How to Implement a Sustainable Ergonomic Program

Manager training worker on ergonomic lifting for health and safety measure

By Jeffrey Sheridan, Injury Prevention Specialist

In all industries and settings, there are opportunities for improvement, especially when it comes to ergonomics. Whether employees are sitting behind a desk working on a computer all day or pushing out product on a manufacturing floor, proper ergonomics is important for good health and wellness.

Benefits of Implementing a Sustainable Ergonomic Program

Effective ergonomic plans directly boost employee well-being and help to decrease injuries and pain that employees might sustain at work. Proper ergonomics also helps with cost savings, as it helps to decrease employee pain, limit workers’ comp claims, missed workdays, decreased productivity, etc. Successful ergonomics programs are a win-win for employees and employers.

So, knowing all the benefits of a properly designed ergonomic workstation, why do we still see so many that are not ergonomically friendly? Why is it so hard to get buy-in from staff that this is better than their old way, or from leadership to purchase the right equipment? It all starts at the bottom.

Building a proper ergonomics program from the ground up will help with buy-in from all levels and maximize time and effort spent.

How to Create a Sustainable Ergonomic Program (SEP)

Jeffrey Sheridan, Injury Prevention Specialist at PTSMC, performing an ergonomic assessment for an office worker

What are the steps to building a sustainable ergonomic program (SEP) then? Let’s take a deeper dive:

The goals of a successful SEP should be as follows:

  • Full buy-in from all staff through collaboration, education and relationship building.
  • Full buy-in from leadership through education and diligent data collection and reporting.
  • Baseline ergonomic assessments for all areas where work is, or could be, performed, with problem areas noted for continued monitoring.
  • Reduction of risk in all areas as low as possible.
  • Constant follow-up with all employees and areas to maximize follow through, allow opportunities for feedback and be open to continued change as needed.

Now that we have our goals, what are the steps we can take to reach them?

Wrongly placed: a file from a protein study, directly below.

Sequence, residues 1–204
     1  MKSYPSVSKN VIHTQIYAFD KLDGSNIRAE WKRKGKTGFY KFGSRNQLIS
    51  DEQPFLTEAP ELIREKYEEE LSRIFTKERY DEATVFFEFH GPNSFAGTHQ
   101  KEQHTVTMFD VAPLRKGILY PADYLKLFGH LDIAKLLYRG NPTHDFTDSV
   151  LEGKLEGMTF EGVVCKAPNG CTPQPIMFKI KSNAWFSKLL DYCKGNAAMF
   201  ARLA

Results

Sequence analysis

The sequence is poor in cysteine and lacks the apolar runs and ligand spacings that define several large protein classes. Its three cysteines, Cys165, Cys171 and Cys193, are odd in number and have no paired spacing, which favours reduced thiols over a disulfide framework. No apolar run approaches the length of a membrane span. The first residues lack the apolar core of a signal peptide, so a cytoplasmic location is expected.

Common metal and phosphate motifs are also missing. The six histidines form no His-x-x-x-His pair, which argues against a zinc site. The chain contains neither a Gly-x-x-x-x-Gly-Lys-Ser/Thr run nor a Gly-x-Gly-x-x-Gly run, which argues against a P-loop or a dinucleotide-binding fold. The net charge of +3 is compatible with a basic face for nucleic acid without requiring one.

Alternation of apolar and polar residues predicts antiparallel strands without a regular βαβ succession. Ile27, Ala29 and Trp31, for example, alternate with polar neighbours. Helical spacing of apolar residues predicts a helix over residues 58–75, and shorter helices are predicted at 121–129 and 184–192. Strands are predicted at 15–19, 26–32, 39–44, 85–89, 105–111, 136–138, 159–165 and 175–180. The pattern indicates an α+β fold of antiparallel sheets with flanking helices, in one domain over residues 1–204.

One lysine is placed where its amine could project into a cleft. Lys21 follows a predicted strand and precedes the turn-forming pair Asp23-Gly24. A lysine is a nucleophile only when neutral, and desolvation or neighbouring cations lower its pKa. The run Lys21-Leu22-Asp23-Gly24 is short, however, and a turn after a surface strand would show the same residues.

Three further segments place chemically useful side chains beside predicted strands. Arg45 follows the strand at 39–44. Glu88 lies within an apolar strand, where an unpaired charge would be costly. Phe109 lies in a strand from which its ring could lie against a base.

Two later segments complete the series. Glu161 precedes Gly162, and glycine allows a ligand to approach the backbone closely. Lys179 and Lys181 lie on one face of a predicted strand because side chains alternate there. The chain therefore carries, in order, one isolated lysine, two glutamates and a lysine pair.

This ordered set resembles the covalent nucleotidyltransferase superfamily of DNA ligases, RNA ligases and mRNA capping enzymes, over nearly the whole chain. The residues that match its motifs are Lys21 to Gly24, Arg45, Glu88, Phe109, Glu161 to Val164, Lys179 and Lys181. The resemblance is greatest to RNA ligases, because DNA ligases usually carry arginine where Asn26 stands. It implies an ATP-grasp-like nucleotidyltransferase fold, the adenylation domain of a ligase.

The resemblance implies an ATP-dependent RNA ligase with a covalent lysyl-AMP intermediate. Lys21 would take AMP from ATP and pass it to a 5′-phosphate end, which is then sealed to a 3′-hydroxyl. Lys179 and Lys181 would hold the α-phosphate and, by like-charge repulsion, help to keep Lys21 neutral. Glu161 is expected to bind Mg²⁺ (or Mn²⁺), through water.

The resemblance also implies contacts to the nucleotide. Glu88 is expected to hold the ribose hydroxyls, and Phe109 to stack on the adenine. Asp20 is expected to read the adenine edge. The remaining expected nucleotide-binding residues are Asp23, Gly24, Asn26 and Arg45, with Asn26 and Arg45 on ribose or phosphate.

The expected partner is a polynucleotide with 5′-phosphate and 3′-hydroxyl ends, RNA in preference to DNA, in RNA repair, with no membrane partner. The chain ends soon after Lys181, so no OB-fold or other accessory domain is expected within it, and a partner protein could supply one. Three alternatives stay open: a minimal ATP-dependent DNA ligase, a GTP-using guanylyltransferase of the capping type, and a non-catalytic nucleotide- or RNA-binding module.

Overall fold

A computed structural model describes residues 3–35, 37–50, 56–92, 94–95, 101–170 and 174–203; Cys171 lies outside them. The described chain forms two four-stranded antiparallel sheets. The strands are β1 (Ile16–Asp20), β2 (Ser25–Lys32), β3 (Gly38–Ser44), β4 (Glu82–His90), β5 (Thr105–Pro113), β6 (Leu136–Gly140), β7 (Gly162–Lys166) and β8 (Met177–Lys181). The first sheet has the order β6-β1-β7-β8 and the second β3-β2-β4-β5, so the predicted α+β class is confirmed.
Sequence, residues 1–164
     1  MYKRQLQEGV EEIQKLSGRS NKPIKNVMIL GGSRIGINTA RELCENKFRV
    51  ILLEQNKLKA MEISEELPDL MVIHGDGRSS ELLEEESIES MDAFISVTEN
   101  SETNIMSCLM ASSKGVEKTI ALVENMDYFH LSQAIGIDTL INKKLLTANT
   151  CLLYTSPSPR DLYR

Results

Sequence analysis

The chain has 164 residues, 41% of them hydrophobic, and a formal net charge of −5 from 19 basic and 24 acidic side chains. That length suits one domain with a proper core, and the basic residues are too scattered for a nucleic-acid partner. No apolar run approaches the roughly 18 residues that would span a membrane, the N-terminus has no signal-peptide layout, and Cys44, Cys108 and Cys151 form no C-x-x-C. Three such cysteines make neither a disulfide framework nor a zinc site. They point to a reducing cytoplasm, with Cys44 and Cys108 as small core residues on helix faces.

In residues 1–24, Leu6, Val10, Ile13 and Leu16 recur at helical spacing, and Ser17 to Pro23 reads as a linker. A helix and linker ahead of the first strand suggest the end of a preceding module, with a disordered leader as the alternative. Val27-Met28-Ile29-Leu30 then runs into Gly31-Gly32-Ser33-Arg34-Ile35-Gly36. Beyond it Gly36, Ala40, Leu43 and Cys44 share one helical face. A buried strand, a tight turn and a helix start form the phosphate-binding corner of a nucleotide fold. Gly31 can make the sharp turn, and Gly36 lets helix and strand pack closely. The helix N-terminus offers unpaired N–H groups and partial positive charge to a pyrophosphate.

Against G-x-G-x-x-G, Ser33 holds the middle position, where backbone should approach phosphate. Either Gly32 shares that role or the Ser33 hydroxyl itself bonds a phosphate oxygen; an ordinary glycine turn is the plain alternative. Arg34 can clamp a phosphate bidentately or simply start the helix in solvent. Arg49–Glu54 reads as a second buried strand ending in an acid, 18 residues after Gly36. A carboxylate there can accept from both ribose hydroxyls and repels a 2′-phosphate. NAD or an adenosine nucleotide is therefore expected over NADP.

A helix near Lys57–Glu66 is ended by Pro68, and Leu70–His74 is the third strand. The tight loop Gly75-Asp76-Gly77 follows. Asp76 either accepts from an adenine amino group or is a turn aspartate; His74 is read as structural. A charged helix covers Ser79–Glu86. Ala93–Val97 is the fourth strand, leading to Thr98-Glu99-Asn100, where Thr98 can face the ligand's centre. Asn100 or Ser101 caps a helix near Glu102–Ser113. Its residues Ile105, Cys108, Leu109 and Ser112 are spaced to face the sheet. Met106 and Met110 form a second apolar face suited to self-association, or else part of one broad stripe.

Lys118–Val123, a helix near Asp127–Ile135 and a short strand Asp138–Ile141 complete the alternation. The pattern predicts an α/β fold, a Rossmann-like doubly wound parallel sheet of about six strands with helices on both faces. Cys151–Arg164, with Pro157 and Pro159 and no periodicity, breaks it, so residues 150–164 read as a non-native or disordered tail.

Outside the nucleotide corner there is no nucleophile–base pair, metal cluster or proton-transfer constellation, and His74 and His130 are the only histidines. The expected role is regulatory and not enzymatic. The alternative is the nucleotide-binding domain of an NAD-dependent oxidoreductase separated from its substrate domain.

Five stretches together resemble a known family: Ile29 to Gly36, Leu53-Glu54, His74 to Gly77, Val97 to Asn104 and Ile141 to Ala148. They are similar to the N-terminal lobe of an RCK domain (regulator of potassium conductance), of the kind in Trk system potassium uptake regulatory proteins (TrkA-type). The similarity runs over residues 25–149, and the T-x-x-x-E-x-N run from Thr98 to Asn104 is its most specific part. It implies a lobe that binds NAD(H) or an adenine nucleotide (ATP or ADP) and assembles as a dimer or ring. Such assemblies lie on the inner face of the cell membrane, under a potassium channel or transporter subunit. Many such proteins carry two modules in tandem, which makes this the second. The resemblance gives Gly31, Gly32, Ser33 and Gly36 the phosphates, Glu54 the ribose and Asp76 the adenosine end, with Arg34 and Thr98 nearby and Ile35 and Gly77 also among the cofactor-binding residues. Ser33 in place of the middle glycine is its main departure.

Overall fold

1. Build the overall plan: all programs start with a well-developed plan. It should be individualized to the company. Key elements of your plan should include:
    • Identify areas of concern/ergonomic risks: high injury areas, people who are in static positions, people who are lifting, etc.
    • Build a timeline: break it into quarters, months, days, whatever is right for the size of your company.
    • Build your long-term plan: follow-up strategies, new employees, new machines, expansion areas, etc.
    • Decide how you will do your assessments, how you will keep your records, etc.
  1. Market your new program/plan with everyone at your site
  • Make any presentations to leadership needed (if you’re the decision maker this is the time to sell the idea to the company).
    • This is an opportunity to solidify the relationship with leadership and get them on board.
    • Use lots of data and information to ensure good buy-in.
  • Send out informational emails.
    • Describing what ergonomics is
    • Describe the new program being implemented including the benefits
    • Employee engagement is crucial for a success SEP and also helps employees to feel valued
  1. Implement your program!
  • Begin performing ergonomic assessments on all people and areas.
    • Perform standardized assessments so the program is easily replicable in case of turnover.
  • Maintain detailed and consistent records, reports and notes.
  • Complete real time follow-up with people you have assessed.
    • Don’t wait months to return; do it in a few days. This will maximize carryover and follow through.
    • It will also build the relationships with the employees that will be vital for this program to work.
  1. Long term management
  • Build budgets appropriately based on current and past records for departmental needs.
  • Set and follow schedule for continued follow ups to people and areas.
  • Keep leadership regularly informed of your progress.
  • Constant monitor and adjust as needed for continued assessments, new and improved equipment to purchase, newest literature and research.

Once the program has been implemented, it’s important to maintain consistency.

–        Consistent walk throughs and follow-ups with the employees.

–        Consistent reminders, tips, tricks, etc. for people to use daily.

–        Consistent face time with everyone possible.

Consistency is key to a sustainable ergonomics program. The more people see and interact with the program, the more the culture can develop. Without a positive culture, follow through by staff will be lower, actions won’t change, and you’ll always be stuck wondering what else you can do to get the desired effects. If all else fails, consulting an ergonomics professional, like the one’s from Employer Services at PTSMC, can help to lighten the load and make changes easier and more long lasting.

So, keep overloading with your smiling face, and eventually you’ll see all the little changes you’re implement taking hold, and your culture of safety developing in a way you never thought it could.

As always, good health and proper ergonomics for all!

Learn more about PTSMC’s Employer Services here.